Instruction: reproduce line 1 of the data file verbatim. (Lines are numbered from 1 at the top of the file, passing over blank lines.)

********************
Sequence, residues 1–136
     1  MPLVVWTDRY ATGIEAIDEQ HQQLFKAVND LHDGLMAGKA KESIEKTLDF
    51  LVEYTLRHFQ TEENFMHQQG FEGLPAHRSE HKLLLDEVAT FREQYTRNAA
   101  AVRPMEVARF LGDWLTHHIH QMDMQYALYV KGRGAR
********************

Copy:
Sequence, residues 1–136